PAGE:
Prying open a can of meat is rarely uplifting. Sure, the occasional tub of goose liver pâté may slip across the Atlantic, but more often it's forcemeat of the domestic variety pink and potted.
At first blush, Armour Corned Beef Hash seems no different. Before the lid is even off, the room fills with a familiar odor neither corn nor beef, and definitely not hash. This can's contents seem closer kin to Friskies than to any deli item.
Looks how to put this delicately? don't help: gelatinized muscle product flecked with grayish granules. (Are they bone matter? Fat? Could these actually be small chunks of potato?) But I have to admit the meaty cylinder shimmies into the skillet with a satisfying plop.
Now, I have always been convinced that 99.7 percent of the people who pepper their conversation with references to Marcel Proust's seven-volume work, Remembrance of Things Past, have never made it past the first book. Why? Because of the million-plus words Proust spilled over Swann and his coquettish Odette, the only section anyone ever talks about is the passage where the narrator is overwhelmed by childhood memories after nibbling a madeleine, which occurs around page 50 of the first book.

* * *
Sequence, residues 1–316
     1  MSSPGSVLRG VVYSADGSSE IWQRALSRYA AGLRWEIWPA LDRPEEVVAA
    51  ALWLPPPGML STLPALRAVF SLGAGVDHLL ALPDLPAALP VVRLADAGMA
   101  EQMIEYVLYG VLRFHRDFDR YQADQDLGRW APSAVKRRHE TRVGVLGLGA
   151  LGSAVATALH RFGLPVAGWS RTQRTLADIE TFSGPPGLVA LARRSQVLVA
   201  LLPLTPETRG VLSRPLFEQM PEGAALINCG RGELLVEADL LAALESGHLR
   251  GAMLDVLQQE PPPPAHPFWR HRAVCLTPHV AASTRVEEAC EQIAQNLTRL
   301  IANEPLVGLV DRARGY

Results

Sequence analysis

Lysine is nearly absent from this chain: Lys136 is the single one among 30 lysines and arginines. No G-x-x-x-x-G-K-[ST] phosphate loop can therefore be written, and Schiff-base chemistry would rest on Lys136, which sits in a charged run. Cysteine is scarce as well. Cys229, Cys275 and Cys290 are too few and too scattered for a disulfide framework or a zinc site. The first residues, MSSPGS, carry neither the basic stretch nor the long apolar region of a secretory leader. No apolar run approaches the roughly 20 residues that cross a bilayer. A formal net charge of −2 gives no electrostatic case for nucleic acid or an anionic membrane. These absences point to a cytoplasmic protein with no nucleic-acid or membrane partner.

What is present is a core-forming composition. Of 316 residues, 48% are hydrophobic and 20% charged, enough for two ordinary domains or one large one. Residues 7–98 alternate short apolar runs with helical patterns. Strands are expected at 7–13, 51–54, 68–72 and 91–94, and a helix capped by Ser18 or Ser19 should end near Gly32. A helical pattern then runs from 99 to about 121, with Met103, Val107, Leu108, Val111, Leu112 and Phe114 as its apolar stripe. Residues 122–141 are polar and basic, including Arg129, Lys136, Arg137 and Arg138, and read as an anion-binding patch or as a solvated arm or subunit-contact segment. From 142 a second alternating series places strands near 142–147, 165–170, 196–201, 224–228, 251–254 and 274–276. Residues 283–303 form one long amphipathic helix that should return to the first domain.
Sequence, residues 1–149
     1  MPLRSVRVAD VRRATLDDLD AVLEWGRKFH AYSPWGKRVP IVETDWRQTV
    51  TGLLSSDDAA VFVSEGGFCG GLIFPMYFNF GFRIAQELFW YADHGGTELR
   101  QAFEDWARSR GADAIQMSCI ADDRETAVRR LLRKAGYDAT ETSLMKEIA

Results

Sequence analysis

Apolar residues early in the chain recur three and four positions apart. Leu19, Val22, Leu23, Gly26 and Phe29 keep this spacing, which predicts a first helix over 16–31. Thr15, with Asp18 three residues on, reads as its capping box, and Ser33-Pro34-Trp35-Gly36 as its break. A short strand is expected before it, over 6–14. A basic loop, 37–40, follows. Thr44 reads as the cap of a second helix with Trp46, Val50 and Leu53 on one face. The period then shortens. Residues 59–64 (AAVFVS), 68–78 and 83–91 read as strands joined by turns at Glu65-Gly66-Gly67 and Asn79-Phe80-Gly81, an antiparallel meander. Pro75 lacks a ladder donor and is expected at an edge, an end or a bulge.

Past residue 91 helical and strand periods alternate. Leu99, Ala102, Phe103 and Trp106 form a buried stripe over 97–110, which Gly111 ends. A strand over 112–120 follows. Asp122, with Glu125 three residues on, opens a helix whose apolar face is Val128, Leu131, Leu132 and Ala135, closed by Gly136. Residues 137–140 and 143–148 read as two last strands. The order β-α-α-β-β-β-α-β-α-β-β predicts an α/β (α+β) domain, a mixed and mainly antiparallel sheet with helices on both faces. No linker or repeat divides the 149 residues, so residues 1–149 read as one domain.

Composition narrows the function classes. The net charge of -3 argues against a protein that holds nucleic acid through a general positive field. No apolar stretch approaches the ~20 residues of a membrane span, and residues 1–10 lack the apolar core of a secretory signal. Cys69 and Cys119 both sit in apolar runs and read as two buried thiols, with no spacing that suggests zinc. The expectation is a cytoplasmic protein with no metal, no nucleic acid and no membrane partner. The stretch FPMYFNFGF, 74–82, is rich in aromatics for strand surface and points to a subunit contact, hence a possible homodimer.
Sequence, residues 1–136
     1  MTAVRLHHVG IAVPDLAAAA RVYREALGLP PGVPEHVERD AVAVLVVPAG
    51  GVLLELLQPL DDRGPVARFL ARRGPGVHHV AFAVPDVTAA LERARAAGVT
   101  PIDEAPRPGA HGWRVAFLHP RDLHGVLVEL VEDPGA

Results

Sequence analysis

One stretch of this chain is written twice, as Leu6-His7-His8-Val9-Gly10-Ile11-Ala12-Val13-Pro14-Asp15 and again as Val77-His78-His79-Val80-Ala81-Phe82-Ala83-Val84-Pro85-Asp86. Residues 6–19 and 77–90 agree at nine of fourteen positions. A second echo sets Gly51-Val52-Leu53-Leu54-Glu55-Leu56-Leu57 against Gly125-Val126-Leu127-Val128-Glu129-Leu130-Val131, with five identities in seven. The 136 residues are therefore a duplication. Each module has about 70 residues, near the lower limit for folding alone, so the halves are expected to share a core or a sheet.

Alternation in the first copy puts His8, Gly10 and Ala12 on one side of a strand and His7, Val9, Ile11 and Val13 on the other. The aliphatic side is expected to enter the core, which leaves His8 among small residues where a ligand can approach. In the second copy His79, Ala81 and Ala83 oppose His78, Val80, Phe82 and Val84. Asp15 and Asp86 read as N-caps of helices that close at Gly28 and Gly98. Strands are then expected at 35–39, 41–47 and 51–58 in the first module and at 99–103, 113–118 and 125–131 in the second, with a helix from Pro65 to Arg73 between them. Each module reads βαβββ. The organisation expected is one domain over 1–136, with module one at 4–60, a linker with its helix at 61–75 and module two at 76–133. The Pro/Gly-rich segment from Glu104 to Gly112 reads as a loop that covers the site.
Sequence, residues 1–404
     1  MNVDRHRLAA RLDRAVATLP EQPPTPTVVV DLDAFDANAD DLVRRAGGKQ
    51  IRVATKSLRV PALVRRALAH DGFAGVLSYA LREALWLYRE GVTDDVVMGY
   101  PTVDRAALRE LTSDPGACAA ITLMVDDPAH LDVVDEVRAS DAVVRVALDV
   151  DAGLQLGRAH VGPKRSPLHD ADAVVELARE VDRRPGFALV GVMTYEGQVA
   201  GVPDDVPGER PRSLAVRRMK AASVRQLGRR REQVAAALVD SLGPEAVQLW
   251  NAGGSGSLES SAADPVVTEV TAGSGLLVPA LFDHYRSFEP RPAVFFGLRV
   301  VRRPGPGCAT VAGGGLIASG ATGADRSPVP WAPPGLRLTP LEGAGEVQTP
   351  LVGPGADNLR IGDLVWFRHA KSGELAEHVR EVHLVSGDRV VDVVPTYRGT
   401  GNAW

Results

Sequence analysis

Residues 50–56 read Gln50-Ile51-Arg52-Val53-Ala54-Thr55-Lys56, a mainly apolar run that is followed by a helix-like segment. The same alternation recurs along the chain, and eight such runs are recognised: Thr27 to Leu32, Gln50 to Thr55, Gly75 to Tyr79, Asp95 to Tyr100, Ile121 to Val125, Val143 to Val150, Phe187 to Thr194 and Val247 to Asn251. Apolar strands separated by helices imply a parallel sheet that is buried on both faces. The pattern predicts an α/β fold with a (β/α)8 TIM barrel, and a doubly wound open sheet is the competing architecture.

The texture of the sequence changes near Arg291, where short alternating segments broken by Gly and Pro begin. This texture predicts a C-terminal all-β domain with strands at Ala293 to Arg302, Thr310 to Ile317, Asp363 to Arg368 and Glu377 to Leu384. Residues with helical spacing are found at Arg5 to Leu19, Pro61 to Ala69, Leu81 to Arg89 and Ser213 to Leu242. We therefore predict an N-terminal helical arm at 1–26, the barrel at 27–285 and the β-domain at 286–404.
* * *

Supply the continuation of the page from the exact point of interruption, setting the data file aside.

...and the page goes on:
But insight works in strange ways, this time in the form of a fifteen-ounce can of Armour Corned Beef Hash. I thought I'd hate it. I was primed to choke it down and churn out a notch in this little annal of ambiguous aliments. But the moment my hash began to sizzle, I was overcome with Saturday-morning memories of lining up at the stove with the rest of the cousins as Grandma spooned out corned beef hash, eggs and toast.
Crispy, savory and with just enough fat to keep the potatoes juicy, Armour's hash is as delicious today as it was back then. So delicious, in fact, that I stopped after one bite and fried up a pair of eggs and toasted two slices of bread.
Just like Grandma used to make.